You know when you’ve just done a search and you get to the site and your search term is nowhere to be found. Now that’s just confusing. What’s going on??
Or maybe you find a great web page with lots of information and you bookmark it and then go back a day/a week/ a year later and the whole page is just …gone? Soo frustrating!!
Or maybe you didn’t actually bookmark the page because it was so awesome you just knew you’d remember it – buuut now you’ve forgotten the actual name of the resource and/or who published it. (Not that that has ever happened to me.) And you could go trolling through your browser history to find it except like a good do-bee you clear your cache and history once a month. So: poof! Gone!
Well, never fear. There’s an app for that.
More than one, actually.
Most of the time, when you do a Google search, you’ll see a tiny little down-facing triangle next to the URL. When you click on the triangle, it will pop up with the word ‘Cached.’
As you probably know, when you search Google, you’re not actually searching the live web – you’re searching Google’s database of everything they decided to cache from the live web. When you click on the link, you’re taken to the live web, and the site may have changed since Google cached it.
So when you go back to the search and click on the word CACHE, you’ll be taken to that archived version of the page. There’s your search term! Yay!
The Internet Archive’s Wayback Machine
If you do remember the name of the resource / website where you originally found the page, and the approximate date of when you found it, it’s always worth checking out the truly fantastic Internet Archive (IA) to see if they saved it.
In case you haven’t discovered it yet, the Internet Archive is a nonprofit organization with an online “library of millions of free books, movies, software, music, websites, and more.” The organization is dedicated to preserving a record of all the information found in the surface web (and a bit in the deep web to a certain degree, as well).
To search for a particular page, go to the Wayback Machine’s search bar and plug in the main URL for the site you’re looking for. Once there, you’ll have a menu displayed of all of the dates that were cached for that website. Pick the one closest to the time you’re looking for, and (hopefully) voilà! You may be able to search for the exact URL you’re looking for, but I’ve had less success with that myself.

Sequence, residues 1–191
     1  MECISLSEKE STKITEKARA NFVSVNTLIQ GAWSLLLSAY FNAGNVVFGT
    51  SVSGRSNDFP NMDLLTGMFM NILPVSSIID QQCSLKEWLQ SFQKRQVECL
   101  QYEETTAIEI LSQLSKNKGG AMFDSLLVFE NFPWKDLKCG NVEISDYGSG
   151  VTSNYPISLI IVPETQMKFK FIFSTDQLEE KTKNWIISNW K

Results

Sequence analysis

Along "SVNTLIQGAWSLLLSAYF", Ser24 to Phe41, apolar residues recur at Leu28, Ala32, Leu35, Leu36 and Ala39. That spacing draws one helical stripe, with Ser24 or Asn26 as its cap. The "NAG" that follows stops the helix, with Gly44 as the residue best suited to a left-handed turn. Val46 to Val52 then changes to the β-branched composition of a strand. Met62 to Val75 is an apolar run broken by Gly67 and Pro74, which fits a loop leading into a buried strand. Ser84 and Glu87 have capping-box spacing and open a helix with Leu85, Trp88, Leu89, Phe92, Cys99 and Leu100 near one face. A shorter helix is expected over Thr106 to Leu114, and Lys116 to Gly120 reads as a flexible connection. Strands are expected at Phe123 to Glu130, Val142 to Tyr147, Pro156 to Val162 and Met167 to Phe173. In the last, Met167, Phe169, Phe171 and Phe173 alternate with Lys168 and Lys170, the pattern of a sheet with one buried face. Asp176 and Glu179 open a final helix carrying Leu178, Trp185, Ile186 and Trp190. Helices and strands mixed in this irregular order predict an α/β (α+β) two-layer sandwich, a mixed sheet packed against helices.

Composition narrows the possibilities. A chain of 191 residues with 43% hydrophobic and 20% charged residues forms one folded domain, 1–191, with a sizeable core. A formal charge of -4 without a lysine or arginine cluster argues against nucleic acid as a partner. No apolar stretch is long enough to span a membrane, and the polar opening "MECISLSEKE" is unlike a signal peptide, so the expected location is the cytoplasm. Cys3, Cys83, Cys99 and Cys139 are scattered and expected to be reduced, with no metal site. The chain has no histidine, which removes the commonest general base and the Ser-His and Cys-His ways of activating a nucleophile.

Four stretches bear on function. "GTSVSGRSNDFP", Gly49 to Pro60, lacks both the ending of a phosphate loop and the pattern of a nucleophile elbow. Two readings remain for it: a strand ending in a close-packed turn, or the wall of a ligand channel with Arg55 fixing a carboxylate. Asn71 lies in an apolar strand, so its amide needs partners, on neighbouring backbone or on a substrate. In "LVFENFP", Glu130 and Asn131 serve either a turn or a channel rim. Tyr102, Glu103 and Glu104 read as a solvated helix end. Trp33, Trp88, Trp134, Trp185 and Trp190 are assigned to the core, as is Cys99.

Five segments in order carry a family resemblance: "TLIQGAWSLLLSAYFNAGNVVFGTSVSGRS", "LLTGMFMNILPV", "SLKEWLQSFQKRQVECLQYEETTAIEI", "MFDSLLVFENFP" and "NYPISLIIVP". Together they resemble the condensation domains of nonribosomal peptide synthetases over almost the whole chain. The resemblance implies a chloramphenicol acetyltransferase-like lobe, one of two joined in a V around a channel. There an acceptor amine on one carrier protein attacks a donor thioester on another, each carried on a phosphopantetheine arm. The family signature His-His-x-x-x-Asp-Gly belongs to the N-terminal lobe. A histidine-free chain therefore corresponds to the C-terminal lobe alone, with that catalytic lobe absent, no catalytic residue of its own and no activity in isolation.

And there’s more there than the IA’s AI randomly caching the internet one page at a time. In the past few years, they’ve also licensed their infrastructure to paying partners who create their own specialty archives, all of which you can search for free. Some of those archives include:
- The LibriVox Free Audiobook Collection
- Scanned microfilm and microfiche of newspapers (a researcher’s treasure trove)
- Microfilmed and microfiched US Census Data
- FOIA’d and other documents from the US State Department
If you haven’t been there for a while, it’s really worth checking out.
Let’s say that you’ve created a profile or written an article with links in it and you want your readers to always have access to the web pages you’ve referred to in your article. Here’s where Perma.cc comes in.
Created by Harvard University’s Library Innovation Lab, access to Perma.cc is free (although there are fee-based upgrades available for those with serious link-making needs).
Once you create a Perma.cc link the site automatically creates an archive of the content. When someone clicks on that link, they’ll be directed to the archived page (sort of like Google’s cache) which will also have a link to the live page in case it still exists.
So there you go – three useful resources for making sure you’re permanently linked to the information you need. As always, let us know in the comments if there are other resources you find useful as well.
These are all resources my team and I use in our work. None of the above have paid or solicited The Helen Brown Group to have their products mentioned on our site.